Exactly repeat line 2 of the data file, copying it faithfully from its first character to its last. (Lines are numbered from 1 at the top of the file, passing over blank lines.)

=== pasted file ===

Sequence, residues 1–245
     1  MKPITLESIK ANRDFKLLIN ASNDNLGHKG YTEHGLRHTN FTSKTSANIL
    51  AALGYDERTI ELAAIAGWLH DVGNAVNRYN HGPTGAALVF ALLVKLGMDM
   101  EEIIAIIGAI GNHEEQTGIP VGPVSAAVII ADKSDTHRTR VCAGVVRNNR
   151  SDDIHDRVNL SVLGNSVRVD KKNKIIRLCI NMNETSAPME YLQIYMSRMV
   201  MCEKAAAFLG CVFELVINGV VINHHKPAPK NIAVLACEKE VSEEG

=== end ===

     1  MKPITLESIK ANRDFKLLIN ASNDNLGHKG YTEHGLRHTN FTSKTSANIL